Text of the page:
If I were to name a few Superheroes or Villains, I could end up with a really interesting mixture:

Superman, Batman, The Flash, The Joker, Bane, Cpt. Cold, Vibe, Wonder Woman, Spider Man, Green Arrow, Deadpool, Firestorm, Black Widow, Cpt. America, Iron Man, Ant-Man, Nightwing, Domino, Green Goblin, Sandman... and so many others.

The thing is, while Superman (who isn't anything special if compared to his kin), Flash or Captain America are supernatural — as in, they have abilities beyond human capability (superspeed and durability as examples) — others, simply put, have weapons.

Captain Cold, Iron Man, Green Goblin, The Joker, Batman and Green Arrow have no special powers, other than advanced technology, extreme training and being good strategists. While both training and strategy is what makes them special, anyone can do the same and obtain similar results. In fact, if you simply go back in time to the middle ages, and carry a grenade launcher and a machine gun, you would be a superhero in that time period, just the same as Iron Man is for 2016.

I could picture this

Interviewer: What's your superpower?

Donald Trump: Money

Hence this question: is there any in-universe and out-universe explanations why 'guys with good gear' are considered Superheroes / Supervillains?

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    Related discussion, possible dupe: Are there criteria for being a super hero and does Batman meet them?
    – phantom42
    Commented Jan 31, 2016 at 21:25
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    Also, of note: many of the "superheroes" that aren't supernatural - the general public has no idea of the origins of their abilities or even the extents of their abilities. There was a Batman: The Animated Series episode where multiple people retold a single encounter with Batman, and each one thought they were seeing supernatural powers that were really just his gadgets.
    – phantom42
    Commented Jan 31, 2016 at 21:28
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    Captain America is normally described as being a human being at peak capacity (thanks to the super-soldier serum), rather than having power beyond human capability. And I think the Green Goblin in most incarnations has a serum that does give him superhuman strength. Commented Jan 31, 2016 at 21:50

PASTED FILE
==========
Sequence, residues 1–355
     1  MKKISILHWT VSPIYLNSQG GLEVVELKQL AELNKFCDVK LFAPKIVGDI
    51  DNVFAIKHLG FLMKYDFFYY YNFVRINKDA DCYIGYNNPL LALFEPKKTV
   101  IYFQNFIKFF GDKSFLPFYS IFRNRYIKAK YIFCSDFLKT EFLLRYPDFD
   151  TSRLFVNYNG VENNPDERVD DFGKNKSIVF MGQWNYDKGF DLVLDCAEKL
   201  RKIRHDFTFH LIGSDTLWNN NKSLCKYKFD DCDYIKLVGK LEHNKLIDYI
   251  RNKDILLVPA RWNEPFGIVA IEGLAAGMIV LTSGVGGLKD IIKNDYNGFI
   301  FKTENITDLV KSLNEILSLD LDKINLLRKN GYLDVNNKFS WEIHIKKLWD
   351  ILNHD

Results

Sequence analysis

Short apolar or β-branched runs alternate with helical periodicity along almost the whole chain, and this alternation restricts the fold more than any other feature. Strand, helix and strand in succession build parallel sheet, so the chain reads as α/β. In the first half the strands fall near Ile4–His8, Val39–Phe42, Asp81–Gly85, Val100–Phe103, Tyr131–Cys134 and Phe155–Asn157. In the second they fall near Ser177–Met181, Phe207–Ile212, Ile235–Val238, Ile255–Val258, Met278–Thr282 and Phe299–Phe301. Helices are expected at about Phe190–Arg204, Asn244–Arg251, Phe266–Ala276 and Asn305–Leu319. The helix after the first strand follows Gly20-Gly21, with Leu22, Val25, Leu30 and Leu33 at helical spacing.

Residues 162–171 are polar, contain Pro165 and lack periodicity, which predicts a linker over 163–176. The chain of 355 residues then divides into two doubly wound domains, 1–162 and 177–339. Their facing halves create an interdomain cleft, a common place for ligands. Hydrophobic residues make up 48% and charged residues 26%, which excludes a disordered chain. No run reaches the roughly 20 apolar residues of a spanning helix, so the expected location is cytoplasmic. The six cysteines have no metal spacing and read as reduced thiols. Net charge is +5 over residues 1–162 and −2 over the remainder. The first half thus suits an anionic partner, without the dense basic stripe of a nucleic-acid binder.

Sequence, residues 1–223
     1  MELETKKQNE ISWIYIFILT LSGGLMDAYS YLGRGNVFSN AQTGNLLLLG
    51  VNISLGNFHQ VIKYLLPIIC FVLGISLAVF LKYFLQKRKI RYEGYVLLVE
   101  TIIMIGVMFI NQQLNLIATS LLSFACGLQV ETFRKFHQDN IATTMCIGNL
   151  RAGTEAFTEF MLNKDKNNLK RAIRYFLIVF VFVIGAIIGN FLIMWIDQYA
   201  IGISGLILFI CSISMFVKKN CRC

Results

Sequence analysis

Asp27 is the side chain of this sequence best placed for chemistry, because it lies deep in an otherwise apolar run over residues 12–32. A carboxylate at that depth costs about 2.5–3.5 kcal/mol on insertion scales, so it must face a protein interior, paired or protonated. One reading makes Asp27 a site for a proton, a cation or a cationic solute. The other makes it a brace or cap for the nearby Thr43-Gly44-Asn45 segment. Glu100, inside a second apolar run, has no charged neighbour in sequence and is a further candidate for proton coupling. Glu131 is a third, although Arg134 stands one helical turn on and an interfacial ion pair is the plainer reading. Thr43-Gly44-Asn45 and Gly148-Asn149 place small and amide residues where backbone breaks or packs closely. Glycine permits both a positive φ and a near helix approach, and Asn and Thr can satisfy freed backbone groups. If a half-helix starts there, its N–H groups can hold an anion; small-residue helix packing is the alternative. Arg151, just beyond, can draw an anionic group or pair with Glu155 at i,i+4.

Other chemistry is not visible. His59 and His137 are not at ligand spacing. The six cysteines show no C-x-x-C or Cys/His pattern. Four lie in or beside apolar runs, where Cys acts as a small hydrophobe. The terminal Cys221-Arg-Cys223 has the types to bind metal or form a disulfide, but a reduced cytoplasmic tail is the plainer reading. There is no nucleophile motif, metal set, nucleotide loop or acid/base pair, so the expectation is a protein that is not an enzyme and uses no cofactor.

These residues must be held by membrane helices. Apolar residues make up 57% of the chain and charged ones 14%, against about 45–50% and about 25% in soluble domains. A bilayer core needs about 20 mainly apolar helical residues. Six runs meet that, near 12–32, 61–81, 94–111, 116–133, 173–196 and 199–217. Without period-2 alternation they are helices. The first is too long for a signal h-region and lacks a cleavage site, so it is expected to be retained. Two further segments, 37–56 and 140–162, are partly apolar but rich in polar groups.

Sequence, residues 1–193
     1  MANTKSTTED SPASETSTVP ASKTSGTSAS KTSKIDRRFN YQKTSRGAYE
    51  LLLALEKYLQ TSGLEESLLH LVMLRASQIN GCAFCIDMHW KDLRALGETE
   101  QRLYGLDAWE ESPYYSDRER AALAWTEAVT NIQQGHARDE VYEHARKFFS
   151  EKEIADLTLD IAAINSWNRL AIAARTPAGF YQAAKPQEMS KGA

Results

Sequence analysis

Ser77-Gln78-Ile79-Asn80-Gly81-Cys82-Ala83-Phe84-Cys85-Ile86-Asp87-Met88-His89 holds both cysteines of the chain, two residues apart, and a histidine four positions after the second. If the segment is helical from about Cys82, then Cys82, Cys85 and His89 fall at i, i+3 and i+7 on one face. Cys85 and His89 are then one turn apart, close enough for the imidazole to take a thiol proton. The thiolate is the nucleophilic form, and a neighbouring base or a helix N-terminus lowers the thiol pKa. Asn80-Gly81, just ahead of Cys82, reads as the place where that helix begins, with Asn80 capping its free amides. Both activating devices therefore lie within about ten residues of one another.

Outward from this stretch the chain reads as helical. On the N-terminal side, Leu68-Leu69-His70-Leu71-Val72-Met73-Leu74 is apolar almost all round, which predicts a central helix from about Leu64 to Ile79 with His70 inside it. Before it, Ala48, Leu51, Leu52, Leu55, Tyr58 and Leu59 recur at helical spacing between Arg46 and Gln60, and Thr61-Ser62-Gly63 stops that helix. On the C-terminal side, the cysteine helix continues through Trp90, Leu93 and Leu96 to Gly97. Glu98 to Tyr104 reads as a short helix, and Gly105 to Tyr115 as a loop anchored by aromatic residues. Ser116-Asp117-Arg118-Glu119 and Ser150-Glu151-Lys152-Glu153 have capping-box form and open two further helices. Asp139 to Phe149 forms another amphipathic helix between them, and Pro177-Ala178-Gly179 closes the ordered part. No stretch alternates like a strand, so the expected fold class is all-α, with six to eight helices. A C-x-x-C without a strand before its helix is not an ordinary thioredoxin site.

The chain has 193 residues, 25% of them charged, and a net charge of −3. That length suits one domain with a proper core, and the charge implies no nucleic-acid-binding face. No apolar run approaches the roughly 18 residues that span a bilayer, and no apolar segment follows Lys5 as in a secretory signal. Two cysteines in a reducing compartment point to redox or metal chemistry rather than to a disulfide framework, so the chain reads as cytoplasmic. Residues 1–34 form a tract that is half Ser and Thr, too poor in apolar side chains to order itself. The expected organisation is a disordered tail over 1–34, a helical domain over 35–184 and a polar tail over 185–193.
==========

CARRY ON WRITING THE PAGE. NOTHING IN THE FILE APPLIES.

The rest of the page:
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    To paraphrase Dumbledore, it is not our abilities that determine who we are, it is our choices. So you're a superhero if you do heroic things.
    – RedCaio
    Commented Jan 31, 2016 at 21:50
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    Save a life once and you'll be a hero, save the world several times and you'll be a superhero
    – Bardo
    Commented Mar 18, 2016 at 12:41

1 Answer 1



extremely good


a person who is admired for great or brave acts or fine qualities

a person who is greatly admired

the chief male character in a story, play, movie, etc.

Now here comes the potato:


a fictional character who has amazing powers (such as the ability to fly)

a very heroic person

Althought the definitions are very clear, the dates (especially superhero's definition origin) of their origins are kind of unclear.

According to merriam-webster.com, the first usage of "superhero" word dates back to 1917. But, of course, in folkloric tales (not in comic sense) similar types of characters such as Robin Hood (15th century) were known with their heroic acts. But he didn't have a superpower. He was good at shooting arrows (and he was handsome AFAIR).

But if we need to work on an example, I can point Tony Stark as a man without superpowers who is considered a superhero. When Captain America states that when they take his suit of armour and what is left is just but a man, Tony says:

"A Genius. Billionaire. Playboy. Philanthropist." -Tony Stark.

It is his characteristic behaviour that makes him a superhero. Like Batman in DC. You can see the list of superheroes and supervillains without powers here.

You don't have to have powers to be a superhero (or supervillain).

  • 4
    "You don't have to have powers to be a superhero (or supervillain)." We know that is you Syndrome
    – user001
    Commented Mar 18, 2016 at 9:46
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    @user001 Who's super now?
    – burcu
    Commented Mar 18, 2016 at 9:54
  • While people like Tony Stark and Syndrome (and Batman, and many others) may not have physical superpowers, their intellect is such that it could be considered "super" given what they end up using it for.
    – JAB
    Commented Feb 28, 2018 at 21:22

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